Whilst the debate surrounding this issue is not new, it has recently been pushed to the top of the international trade agenda. This is because the ILO, as the custodian of the labour standards, appears to lack the enforcement powers necessary to achieve compliance, which is relevant to the debate as to whether labour standards should be left to the ILO or added to the WTO agenda since the WTO, through its dispute settlement mechanism, has more effective procedures for surveillance and for suspension of concessions. However, the majority of WTO Members are strongly opposed to the WTO getting involved in this controversial issue. During the Fourth World Trade Organization (WTO) Ministerial Conference in Doha, Trade Ministers reaffirmed their declaration made at the Singapore Ministerial Conference that the issue be left under the remit of the ILO.22

Whilst the majority of the community of nations (mostly developing) do not agree on linking trade and the CLS, a few countries and the International Confederation of Free Trade Unions (ICFTU)23 are pushing for a linkage. This is reflected in some countries’ unilateral and regional efforts in the area of trade agreements. The most prominent of such a country and regional grouping are the United States of America and the European Union. In the case of the United States, since the 1980s it has become increasingly common to include international labour standard criteria in U.S. foreign economic legislation.

With the recent surge in free trade agreements or regional trade agreements (RTAs),24 mostly between developed and developing countries, and the inclusion of labour standard clauses in these agreements, the argument by proponents of a labour/trade nexus is that RTAs will assist in the compliance of international labour standards, which, it is believed, could lead to higher wages, and that in their view is the fastest route to improving the lot of workers. The questions are whether a difference in labour standards between developed and developing countries creates economic and social issues that should be addressed in trade agreements25 and, if so, whether the regional agreements or a multilateral agreement will best serve the interest of workers, mostly in developing countries.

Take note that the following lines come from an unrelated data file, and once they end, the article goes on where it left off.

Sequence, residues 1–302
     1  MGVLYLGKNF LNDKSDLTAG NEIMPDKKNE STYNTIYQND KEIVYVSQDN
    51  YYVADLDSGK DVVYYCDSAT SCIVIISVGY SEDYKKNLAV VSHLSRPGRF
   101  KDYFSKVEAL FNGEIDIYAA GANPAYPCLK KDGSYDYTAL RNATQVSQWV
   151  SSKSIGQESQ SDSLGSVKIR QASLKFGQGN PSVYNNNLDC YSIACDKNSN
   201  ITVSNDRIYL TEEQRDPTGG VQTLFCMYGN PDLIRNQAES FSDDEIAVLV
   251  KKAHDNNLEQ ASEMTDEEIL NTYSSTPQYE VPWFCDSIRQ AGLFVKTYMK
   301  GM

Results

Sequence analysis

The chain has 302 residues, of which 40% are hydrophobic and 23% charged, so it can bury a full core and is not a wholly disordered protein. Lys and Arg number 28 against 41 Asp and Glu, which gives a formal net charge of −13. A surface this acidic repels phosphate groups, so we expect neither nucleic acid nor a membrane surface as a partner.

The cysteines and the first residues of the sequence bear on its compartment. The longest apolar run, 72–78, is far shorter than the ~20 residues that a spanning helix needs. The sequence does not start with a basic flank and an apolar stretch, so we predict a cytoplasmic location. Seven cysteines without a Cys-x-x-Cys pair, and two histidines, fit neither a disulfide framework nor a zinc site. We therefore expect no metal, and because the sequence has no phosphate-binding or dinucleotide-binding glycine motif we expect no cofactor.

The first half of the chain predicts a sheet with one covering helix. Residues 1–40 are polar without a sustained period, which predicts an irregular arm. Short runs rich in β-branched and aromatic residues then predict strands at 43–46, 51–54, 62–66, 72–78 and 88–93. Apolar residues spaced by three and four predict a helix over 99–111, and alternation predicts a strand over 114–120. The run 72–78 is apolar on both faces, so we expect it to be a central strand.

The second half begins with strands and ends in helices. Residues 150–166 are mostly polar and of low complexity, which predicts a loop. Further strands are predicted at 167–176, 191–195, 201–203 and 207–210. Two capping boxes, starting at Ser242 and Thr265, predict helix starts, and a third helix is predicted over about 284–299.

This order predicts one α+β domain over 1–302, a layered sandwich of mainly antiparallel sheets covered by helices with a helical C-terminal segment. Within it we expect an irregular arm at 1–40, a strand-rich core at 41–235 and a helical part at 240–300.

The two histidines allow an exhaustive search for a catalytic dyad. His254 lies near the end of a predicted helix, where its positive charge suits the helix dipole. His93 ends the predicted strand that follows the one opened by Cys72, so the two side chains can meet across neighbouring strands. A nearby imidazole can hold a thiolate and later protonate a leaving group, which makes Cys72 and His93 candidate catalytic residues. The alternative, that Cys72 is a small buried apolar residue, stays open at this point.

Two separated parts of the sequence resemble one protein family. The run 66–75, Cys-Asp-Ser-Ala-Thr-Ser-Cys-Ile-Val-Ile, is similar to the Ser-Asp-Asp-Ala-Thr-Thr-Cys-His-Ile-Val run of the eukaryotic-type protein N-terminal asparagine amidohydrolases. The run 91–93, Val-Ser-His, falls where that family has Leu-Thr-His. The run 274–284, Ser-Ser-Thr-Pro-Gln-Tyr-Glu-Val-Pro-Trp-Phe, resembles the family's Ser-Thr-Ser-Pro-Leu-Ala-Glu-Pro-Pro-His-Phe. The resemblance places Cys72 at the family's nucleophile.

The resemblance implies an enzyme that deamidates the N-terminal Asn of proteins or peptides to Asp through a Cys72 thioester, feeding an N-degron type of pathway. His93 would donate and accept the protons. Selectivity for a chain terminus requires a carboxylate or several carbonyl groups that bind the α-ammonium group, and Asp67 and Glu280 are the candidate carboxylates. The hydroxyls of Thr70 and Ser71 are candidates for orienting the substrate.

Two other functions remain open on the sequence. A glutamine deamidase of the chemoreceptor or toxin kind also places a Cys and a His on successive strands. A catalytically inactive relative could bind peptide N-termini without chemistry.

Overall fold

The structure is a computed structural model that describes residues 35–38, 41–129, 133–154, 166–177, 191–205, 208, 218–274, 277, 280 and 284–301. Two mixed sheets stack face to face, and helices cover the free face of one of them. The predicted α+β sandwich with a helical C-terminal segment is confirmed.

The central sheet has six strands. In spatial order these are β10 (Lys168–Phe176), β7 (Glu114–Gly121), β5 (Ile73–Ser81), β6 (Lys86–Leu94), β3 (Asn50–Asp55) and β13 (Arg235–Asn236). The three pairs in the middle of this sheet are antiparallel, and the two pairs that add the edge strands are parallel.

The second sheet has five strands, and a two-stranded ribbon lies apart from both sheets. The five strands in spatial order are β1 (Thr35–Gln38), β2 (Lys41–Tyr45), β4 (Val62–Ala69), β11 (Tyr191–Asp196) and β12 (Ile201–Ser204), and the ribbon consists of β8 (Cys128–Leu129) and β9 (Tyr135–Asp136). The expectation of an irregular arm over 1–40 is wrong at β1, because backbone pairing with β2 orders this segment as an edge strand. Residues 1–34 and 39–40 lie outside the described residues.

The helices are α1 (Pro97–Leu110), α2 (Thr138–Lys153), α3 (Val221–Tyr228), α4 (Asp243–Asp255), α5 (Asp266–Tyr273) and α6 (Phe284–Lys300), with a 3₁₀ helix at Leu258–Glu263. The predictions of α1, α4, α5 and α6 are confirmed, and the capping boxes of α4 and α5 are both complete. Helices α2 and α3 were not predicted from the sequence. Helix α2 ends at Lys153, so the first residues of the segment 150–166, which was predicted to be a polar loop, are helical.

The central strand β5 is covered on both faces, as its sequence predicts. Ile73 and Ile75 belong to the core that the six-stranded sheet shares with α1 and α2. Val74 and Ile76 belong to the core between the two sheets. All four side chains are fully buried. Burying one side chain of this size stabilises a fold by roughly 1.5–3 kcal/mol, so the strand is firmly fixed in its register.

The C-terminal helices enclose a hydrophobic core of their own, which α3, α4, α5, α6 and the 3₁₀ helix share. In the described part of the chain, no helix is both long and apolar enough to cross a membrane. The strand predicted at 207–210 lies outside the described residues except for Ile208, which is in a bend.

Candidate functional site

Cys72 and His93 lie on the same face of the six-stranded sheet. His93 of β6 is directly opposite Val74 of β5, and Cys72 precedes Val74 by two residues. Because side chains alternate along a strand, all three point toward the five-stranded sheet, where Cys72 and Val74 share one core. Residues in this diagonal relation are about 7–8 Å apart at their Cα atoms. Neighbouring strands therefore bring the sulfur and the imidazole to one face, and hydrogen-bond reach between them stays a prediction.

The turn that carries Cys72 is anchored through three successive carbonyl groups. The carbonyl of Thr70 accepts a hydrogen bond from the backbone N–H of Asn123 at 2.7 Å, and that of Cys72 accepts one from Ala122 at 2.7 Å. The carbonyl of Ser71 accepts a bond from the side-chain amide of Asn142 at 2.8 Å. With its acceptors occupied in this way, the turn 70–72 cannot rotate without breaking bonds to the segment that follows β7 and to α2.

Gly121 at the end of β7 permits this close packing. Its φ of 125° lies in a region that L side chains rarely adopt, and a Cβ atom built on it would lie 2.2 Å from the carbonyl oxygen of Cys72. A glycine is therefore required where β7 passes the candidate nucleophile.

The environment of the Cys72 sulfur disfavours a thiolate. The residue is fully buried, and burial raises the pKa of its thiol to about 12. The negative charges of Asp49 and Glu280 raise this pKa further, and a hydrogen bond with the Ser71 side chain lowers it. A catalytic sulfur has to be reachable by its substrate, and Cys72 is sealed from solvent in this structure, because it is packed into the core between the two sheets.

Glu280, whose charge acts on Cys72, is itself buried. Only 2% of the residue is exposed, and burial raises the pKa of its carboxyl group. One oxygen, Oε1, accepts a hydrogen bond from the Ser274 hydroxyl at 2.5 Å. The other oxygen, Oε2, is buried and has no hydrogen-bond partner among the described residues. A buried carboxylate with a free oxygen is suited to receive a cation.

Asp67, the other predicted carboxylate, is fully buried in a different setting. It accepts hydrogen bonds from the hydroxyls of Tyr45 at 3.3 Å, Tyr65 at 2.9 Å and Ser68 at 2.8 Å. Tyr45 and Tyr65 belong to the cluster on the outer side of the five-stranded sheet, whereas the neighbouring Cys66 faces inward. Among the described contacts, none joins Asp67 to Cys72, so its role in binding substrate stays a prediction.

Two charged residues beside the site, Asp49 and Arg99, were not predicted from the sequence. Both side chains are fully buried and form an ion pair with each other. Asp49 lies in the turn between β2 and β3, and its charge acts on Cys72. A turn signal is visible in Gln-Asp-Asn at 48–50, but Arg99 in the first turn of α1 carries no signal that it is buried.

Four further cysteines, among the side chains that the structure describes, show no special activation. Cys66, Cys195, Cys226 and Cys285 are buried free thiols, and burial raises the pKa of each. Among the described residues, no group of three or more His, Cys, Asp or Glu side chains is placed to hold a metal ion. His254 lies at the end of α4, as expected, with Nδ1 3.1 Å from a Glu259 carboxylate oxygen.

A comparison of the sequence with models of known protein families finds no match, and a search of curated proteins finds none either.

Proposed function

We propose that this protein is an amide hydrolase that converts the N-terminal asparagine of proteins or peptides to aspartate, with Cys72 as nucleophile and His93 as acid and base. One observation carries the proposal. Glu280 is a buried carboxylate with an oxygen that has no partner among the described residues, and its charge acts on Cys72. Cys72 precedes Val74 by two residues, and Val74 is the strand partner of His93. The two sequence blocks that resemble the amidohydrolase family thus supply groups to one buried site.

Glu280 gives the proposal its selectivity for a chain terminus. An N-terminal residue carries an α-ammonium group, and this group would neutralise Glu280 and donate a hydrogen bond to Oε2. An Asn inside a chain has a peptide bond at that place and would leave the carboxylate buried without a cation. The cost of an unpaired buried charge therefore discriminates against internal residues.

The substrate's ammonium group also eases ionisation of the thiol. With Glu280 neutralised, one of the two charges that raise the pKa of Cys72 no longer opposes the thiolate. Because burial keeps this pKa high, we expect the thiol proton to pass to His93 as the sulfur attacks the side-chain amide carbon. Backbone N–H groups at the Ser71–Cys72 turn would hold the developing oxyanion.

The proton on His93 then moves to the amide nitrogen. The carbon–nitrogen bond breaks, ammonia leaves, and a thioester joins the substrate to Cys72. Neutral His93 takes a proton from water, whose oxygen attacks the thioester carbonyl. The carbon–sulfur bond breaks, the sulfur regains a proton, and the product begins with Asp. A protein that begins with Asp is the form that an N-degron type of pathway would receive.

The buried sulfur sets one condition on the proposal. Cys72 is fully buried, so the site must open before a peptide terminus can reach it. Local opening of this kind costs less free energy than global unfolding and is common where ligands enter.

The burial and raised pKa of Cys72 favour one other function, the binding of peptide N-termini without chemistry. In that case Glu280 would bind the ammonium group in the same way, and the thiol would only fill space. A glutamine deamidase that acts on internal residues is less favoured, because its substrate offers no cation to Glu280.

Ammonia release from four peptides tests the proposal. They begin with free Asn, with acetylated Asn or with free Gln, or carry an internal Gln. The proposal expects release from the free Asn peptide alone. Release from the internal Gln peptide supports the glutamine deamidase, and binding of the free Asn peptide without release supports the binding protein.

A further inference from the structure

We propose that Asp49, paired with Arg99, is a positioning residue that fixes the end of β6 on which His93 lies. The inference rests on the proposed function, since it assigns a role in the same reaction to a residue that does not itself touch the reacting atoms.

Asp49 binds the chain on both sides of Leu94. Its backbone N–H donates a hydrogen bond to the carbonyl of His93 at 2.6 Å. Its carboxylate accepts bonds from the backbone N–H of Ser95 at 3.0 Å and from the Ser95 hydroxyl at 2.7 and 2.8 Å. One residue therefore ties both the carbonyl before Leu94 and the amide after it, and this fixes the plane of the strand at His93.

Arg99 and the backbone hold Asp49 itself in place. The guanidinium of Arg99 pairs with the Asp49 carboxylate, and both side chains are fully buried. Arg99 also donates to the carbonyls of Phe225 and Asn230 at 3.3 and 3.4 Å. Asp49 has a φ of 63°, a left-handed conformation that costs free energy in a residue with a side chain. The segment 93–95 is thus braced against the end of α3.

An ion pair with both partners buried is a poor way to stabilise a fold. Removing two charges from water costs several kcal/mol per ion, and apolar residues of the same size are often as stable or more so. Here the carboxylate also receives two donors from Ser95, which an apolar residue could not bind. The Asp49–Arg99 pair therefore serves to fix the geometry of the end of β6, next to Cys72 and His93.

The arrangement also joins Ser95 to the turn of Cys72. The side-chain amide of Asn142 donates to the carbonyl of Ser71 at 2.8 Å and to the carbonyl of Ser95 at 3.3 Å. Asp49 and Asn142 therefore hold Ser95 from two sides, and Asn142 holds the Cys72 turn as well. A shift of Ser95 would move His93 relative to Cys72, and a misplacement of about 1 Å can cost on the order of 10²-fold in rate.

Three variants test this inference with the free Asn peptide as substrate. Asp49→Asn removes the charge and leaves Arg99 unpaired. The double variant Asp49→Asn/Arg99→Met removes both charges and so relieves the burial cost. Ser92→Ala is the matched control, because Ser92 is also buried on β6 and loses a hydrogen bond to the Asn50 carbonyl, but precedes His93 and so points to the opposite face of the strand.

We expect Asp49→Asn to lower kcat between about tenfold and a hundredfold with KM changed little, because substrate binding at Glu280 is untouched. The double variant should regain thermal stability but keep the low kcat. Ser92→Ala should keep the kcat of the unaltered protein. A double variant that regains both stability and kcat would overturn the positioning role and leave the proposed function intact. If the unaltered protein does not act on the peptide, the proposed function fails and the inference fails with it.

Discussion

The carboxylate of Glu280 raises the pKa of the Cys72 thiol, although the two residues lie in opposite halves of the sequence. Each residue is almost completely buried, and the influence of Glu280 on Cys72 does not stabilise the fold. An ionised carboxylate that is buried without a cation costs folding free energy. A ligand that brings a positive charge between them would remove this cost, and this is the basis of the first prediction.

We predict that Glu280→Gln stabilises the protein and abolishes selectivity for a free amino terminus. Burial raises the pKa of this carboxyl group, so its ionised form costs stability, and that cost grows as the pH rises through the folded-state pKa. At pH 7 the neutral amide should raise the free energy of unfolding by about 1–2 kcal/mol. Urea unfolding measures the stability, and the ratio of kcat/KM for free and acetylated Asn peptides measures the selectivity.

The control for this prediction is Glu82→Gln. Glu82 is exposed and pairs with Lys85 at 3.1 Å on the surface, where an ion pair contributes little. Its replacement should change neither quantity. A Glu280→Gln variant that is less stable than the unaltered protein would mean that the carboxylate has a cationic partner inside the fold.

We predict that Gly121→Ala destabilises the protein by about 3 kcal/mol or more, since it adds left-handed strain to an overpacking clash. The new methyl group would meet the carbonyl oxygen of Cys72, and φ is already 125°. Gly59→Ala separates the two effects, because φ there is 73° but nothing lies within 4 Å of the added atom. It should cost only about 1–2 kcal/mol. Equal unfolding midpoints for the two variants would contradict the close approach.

The deal struck on 10 May 2007 between the United States Congress and the George W. Bush administration on a range of measures for all pending free trade agreements, notably a deal on the inclusion of labour standards, signalled the ever-growing desire to use RTAs to enforce internationally recognised labour standards in the absence of an agreement at the multilateral level. Dubbed “A New Trade Policy for America”, the agreement is to have “legally enforceable” labour standards in all free trade agreements negotiated by the United States. Future trade deals will require signatories to “adopt, maintain and enforce” the five fundamental standards of the International Labour Organization (ILO). Whereas previous trade agreements have only included watery language about workers’ rights, the new agreements are expected to contain tighter language on labour rights, including the possibility of imposing trade sanctions on countries that do not adhere to CLS.